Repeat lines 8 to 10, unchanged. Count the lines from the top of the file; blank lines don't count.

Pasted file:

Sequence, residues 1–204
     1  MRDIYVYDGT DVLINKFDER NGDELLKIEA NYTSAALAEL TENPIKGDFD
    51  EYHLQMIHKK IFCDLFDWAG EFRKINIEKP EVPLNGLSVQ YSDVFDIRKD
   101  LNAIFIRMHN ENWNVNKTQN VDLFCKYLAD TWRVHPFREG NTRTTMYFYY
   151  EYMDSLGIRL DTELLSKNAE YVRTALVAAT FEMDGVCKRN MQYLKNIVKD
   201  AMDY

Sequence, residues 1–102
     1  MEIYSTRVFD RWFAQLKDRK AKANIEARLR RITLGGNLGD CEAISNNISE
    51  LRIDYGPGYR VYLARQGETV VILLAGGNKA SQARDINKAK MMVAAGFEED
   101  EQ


     1  MEIYSTRVFD RWFAQLKDRK AKANIEARLR RITLGGNLGD CEAISNNISE
    51  LRIDYGPGYR VYLARQGETV VILLAGGNKA SQARDINKAK MMVAAGFEED
   101  EQ